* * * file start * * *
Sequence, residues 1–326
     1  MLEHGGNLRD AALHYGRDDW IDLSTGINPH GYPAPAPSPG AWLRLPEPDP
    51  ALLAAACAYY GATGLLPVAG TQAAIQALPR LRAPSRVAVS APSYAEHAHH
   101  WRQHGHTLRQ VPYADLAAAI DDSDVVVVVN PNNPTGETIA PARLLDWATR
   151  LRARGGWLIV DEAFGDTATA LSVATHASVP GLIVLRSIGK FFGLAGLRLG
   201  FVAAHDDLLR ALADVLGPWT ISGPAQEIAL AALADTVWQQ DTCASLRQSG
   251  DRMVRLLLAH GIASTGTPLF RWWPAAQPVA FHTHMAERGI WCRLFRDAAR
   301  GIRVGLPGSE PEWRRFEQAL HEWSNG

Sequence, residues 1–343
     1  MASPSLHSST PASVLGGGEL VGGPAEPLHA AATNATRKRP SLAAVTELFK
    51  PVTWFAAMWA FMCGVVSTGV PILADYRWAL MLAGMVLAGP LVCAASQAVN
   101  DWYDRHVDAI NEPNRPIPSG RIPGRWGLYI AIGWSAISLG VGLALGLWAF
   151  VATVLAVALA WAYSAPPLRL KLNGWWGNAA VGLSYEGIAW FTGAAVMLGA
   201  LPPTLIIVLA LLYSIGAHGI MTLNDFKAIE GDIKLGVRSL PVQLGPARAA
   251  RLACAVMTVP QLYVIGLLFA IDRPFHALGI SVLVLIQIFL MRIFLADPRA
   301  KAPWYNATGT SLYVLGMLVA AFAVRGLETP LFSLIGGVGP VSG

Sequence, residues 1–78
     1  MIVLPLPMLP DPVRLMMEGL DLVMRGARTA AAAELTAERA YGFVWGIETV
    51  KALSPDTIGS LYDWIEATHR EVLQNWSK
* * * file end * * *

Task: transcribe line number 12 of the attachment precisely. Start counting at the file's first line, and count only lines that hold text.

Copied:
   101  DWYDRHVDAI NEPNRPIPSG RIPGRWGLYI AIGWSAISLG VGLALGLWAF